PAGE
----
tered kings for their sake : then 10 (8) Thy congregation shall were they as white (m) as snow dwell therein : for thou, O God, in Salmon. hast of thy goodness prepared for 15 As the hill of Basan (n),
so is God's hill (c) : even an high 11 The Lord gave the word (h): hill, as the hill of Basan.
" heavens dropped ; the clouds also
Mount Sinai, to deliver the
was altogether on a smoke, because the " Lord descended upon it in fire: and « the smoke thereof ascended as the « smoke of a furnace; and the whole “ mount quaked greatly.”. Exod. xix. 18.
(f)"Rain," i.e. (probably) of manna, as the Lord said to Moses, Exod. xvi. 4. « Behold I will rain bread from heaven “ for you.” And Ps. lxxviii. 25. " He “ rained down manna also upon them for “ to eat," &c.
(8) The translation should perhaps be, “ Thou caablcdst thy congregation to “ dwell therein," (i.e. in the wilderness); “ for thou, O God, of thy goodness, “ didst prepare for the poor."
(b) Gave the word,” i.e. probably, encouraged them, set them on.
(1) “ The preachers," i. e. those who published or repeated it. Much of the force of this part of the Psalm is lost, because it is not known to what event it refers. It is not improbable that it referred
to the triumph over the Midianites, about 1452 years before the birth of Christ. It was by God's command that the Israelites attacked them : five of their kings were slain ; an immense booty was taken; and God ordered it to be divided into two parts, one for those who went out to the battle, and the other for the rest of the congregation. See Numb. xxxi. 2. 8. 27.
(k) “Of the household," i.e. of those : who stayed at home : so abundant was the spoil.
(1) “ Lien," i, e. “ lain. The vilest slaves used to lie on the stones upon which the pots were placed : and the meaning is, though your state has been most abject, you shall be highly exalted.
(m) “ As white," &c. Dressed in their whitest garments, their
of joy: a figurative expression, to express their extacy
(n) “ Basan," where Og reigned, (Numb. xxi. 33.). not far from the place where the Midianites were overcome.
(0) " God's hill," i. e. Sion. God! calls it, Ps. ii. 6.“ My holy hill of “ Sion.” And it is called s his holy “ hill,” Ps. xlviii. 1. The object here is, to set off the praises of Sion. Sion is elsewhere described as “ a fair place, the “joy of the whole earth,” Ps. xlviii. 2. the “perfection of beauty,” Ps.l. 2. : but its highest merit is, that God has chosen it for himself, that he will abide in it for ever.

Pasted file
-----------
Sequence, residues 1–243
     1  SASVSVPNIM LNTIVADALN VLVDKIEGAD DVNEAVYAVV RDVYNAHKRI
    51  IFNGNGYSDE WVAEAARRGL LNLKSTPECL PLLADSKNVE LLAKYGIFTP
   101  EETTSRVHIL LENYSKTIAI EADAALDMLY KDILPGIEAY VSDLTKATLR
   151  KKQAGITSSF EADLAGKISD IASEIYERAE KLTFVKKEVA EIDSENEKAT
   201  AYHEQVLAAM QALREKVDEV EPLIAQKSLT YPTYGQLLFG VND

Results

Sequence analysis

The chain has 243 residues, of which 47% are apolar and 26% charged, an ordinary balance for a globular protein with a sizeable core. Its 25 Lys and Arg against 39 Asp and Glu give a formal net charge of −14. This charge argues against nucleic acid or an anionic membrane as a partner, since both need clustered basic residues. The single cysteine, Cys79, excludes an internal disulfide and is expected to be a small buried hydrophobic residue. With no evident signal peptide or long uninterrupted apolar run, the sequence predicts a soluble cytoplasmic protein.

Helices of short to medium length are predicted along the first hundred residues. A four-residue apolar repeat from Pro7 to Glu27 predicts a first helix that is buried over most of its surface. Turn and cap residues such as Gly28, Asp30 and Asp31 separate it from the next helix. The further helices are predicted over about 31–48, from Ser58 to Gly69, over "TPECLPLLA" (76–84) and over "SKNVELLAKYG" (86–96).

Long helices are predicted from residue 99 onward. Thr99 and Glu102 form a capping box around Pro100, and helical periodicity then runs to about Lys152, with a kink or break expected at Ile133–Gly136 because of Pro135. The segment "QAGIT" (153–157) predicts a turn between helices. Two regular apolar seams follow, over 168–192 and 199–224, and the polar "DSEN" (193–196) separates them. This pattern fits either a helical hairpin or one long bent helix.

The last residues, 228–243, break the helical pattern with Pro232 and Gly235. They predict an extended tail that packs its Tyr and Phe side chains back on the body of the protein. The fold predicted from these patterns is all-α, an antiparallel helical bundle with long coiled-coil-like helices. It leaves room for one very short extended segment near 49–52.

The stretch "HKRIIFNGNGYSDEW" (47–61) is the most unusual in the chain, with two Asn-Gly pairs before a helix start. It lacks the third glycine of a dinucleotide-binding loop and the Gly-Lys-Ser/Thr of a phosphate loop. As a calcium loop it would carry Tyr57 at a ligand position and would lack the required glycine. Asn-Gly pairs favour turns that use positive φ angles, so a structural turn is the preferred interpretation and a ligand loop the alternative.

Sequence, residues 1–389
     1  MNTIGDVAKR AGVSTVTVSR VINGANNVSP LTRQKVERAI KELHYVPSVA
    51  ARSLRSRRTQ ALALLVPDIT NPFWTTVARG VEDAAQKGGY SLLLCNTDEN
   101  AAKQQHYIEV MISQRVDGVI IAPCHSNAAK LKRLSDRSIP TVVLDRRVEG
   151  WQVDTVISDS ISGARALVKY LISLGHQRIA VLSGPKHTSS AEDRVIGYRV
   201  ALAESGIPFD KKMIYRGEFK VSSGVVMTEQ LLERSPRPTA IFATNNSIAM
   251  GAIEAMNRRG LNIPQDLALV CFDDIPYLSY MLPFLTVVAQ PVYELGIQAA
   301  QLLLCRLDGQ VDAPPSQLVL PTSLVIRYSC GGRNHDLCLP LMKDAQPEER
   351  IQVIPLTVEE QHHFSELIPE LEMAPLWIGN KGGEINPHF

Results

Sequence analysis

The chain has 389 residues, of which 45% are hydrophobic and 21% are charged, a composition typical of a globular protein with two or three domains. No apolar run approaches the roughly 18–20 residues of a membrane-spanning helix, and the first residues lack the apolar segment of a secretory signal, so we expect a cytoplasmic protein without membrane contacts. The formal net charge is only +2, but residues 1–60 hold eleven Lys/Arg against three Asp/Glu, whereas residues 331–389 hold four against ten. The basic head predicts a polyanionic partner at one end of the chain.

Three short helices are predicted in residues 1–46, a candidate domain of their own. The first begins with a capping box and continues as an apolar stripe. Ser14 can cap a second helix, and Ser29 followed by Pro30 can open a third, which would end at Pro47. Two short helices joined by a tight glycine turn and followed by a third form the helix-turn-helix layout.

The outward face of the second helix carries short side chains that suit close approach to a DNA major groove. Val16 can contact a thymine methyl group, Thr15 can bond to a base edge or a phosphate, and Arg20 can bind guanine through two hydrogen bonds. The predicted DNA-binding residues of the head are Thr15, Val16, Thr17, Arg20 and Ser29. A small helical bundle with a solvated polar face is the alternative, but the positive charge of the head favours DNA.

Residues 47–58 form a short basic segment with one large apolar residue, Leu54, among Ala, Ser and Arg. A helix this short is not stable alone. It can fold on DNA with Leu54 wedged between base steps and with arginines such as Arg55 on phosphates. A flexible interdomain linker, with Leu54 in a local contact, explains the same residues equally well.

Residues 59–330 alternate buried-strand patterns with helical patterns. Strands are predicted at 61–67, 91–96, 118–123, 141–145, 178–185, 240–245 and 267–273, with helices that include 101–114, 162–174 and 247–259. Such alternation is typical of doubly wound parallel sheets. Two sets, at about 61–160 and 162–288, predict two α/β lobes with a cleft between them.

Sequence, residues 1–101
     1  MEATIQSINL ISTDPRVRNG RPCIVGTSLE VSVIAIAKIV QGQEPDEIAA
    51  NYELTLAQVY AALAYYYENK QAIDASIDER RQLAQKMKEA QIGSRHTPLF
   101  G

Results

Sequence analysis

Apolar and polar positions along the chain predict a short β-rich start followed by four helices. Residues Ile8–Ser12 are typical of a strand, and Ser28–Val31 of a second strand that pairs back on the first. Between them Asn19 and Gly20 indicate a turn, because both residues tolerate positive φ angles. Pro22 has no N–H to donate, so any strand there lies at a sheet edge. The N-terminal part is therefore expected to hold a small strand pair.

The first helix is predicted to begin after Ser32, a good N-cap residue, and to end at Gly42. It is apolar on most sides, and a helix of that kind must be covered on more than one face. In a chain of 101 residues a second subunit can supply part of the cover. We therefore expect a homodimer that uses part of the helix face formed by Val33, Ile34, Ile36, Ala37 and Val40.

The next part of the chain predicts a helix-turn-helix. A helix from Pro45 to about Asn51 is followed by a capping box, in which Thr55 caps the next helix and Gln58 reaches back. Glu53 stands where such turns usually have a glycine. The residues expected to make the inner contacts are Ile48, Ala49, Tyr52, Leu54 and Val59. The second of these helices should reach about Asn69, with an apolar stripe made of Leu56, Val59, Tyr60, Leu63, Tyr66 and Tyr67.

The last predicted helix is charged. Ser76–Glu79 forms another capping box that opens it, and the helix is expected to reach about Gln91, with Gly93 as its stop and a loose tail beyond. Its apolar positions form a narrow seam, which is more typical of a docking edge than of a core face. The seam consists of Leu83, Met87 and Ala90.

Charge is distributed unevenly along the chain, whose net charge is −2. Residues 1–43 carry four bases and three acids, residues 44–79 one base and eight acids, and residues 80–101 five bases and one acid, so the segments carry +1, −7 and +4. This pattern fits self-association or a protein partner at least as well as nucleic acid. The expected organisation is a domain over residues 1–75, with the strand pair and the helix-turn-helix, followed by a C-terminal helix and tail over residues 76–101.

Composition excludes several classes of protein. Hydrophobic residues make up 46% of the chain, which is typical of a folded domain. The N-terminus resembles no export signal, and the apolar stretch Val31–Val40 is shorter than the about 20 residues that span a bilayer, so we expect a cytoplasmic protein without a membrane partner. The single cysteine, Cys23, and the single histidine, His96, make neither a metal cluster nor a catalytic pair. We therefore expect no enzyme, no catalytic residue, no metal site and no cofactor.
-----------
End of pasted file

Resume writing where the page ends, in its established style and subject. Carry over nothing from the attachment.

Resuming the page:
16 Why hop ye so (P), ye and received gifts (1) for men : high hills ? this is God's hill, in yea, even for thine enemies, that the which it pleaseth him to the Lord God might dwell dwell (9) : yea, the Lord will abide in it for ever.
19 Praised be the Lord daily : 17 The chariots (r) of God even the God who helpeth us, are twenty thousand, even thou- and poureth his benefits upon us. sands of angels : and the Lord 20 He is our God, even the is among them, as in the holy God, of whom cometh salvation : place (s) of Sinai.
God is the Lord, by whom we 18 Thou art gone up on high, escape death. thou hast led captivity captive, 21 God shall wound the head
1. 16. (p) For “ hop ye so," the reading
should probably be, "exalt ye so your“ selves :” why lift ye up yourselves, to vie with Sion : this at once decides your inferiority, that God hath chosen Sion, that he may dwell there. What can be more poetical, than to address the mountains, as if they could hear, and to impute to them pride and emulation, as
if they were sensible beings ? 16. (9) To dwell," &c. So Ps. cxxxii. 14, 15.
“ The Lord hath chosen Sion to “ be an habitation for himself; he hath longed for her: this shall be
rest “ for ever: here will I dwell, for I have
a delight therein." 17.